The Cowboys of Color Rodeo will be held Jan. 15 at 2 p.m., highlighting the rich diversity and culture of rodeo and the western way of life.
The Bulls’ Night Out Rodeo follows that Jan. 16 and 17 at 7:30 p.m.
The Fort Worth Super Shootout will be Jan. 18 at 7:30 p.m., followed by the PRCA Rodeo with dates running from Jan. 19 through Jan. 27.
All tickets for the rodeos may be purchased through TicketMaster.
Gates open daily at 8 a.m. and close at 8 p.m.
Exhibit hall hours run from 10 a.m. to 8 p.m. Sunday through Friday. Hours are 9 a.m. to 8 p.m. on Saturdays.
The FFA Children’s Barnyard runs from 9 a.m. to 7:30 p.m. daily.
Midway hours range, and can be found at fwssr.com.
Kids and families alike can take in history and culture at the Nation Cowgirl Museum and Hall of Fame. Hours are 10 a.m. to 5 p.m. Monday through Saturday, and 12 p.m. to 5 p.m. on Sundays.
The Fort Worth Museum of Science and History runs the same hours, and gives families something to look forward to outside the rodeos and stock shows.
The Fort Worth Stock Show and Rodeo is located at the Will Rogers Memorial Center at 3400 Burnett Tandy Dr. in Fort Worth.
Buck the trend and go have some fun with the family, enjoying all that the event has to offer.

Dec

28

Posted by : admin | On : December 28, 2017

The News Staff Reports
ATHENS–It was no surprise commissioners named the current director of the animal shelter in Athens to continue in that post following the county picking up overall management of the shelter which takes in 80 percent of Henderson County’s stray animals.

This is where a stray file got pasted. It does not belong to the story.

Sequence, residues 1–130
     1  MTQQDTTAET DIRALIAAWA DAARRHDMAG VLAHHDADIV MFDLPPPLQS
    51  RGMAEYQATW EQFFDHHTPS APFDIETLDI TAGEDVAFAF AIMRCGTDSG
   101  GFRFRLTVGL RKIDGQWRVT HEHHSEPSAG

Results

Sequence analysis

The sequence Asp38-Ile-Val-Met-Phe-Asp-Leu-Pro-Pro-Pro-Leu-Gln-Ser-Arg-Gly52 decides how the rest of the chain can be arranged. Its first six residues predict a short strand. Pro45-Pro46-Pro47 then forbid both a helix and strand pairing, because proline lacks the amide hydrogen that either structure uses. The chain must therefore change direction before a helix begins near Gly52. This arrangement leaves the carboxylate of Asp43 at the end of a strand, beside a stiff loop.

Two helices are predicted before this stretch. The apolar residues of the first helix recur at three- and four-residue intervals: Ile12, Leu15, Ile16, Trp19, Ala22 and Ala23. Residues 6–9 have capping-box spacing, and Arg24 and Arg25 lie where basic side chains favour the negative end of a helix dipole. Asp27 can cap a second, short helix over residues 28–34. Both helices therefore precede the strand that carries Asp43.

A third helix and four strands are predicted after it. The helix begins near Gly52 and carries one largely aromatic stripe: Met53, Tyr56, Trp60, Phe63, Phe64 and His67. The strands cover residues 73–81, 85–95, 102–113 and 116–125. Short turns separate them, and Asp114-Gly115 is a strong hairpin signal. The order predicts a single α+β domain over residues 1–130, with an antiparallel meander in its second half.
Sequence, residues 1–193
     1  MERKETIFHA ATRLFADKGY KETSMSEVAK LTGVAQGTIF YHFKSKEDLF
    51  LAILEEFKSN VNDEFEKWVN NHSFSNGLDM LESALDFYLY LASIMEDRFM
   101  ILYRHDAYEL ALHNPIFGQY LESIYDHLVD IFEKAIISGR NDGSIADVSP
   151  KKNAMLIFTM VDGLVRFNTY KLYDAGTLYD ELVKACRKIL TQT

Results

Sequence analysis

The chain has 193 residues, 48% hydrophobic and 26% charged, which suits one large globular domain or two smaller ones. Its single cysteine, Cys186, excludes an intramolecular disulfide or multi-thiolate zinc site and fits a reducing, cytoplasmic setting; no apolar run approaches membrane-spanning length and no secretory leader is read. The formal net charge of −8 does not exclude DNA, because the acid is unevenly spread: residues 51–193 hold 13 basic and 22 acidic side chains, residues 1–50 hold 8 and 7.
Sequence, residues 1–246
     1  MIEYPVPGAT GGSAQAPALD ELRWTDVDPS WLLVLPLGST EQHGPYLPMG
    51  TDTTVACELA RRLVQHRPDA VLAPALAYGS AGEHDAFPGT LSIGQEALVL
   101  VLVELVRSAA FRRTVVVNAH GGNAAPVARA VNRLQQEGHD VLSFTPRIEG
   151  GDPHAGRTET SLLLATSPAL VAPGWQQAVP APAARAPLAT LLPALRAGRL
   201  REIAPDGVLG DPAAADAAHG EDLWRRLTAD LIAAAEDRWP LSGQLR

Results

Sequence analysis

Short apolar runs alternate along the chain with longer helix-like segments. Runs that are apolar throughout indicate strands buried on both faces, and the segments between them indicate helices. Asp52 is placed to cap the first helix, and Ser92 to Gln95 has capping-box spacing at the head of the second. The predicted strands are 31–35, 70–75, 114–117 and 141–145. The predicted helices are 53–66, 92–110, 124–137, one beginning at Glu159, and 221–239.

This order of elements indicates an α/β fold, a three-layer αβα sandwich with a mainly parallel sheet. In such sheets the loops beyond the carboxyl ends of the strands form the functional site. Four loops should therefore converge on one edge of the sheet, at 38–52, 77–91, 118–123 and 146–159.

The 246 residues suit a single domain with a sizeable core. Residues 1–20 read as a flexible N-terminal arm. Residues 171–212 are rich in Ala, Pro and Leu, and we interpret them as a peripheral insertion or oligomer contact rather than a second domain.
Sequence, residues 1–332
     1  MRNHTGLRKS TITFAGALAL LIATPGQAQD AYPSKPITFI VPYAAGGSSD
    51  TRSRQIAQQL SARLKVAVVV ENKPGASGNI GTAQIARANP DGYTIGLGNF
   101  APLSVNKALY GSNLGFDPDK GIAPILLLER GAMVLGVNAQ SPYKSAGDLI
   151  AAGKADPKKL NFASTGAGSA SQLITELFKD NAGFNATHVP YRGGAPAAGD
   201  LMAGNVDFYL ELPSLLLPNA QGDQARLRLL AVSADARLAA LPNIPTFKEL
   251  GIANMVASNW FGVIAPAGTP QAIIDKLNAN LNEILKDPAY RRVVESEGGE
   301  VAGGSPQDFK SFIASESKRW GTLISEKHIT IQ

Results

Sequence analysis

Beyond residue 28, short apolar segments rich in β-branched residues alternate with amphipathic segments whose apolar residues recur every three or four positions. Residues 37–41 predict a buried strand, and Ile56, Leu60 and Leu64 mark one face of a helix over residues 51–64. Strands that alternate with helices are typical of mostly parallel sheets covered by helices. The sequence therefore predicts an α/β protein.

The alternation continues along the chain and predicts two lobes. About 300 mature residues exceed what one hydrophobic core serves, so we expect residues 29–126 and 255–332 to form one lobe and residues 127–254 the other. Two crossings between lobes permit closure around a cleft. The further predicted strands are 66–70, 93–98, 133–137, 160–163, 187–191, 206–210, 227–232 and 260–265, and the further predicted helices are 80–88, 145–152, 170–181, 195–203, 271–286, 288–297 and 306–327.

Amy Lambert, who has headed the Henderson County Humane Society animal shelter for the past seven years and been on board for the past 10, has agreed to stay on and Commissioners’ Court was all too happy for the continuity of management she offers during the change from a volunteer board of directors to the county’s management.
“Amy has been the current director of the animal shelter for the past seven years,” County Judge Richard Sanders said Tuesday. “She has all of the qualifications it takes to be an animal shelter director, plus all of the work experience.”
After 30 years of successful management, the animal shelter board announced in March it would disband at the end of 2017. Despite all of Sanders’ searching for another organization to take on the task, no other group was found, so the task has fallen to the county. “Our main goal in this is to take the animals and try to get them off the streets to protect our citizens,” Sanders said.
The effort to continue supplying the county with animal shelter services is being taken up jointly by the county and the city. In addition to the county’s annual contribution of $62,000, it set aside $200,000 in the new budget to cover operational costs (i.e. salary and wages). Lambert is responsible for hiring four kennel attendants and part-time employees to continue operations. The City of Athens will continue providing the physical plant, utilities and maintenance, along with its annual contribution of $65,000. Another $30,000 is expected to be collected through services rendered, bringing the total yearly budget to $366,500. Tuesday, commissioners approved the annual budget for the shelter, along with the fee schedule.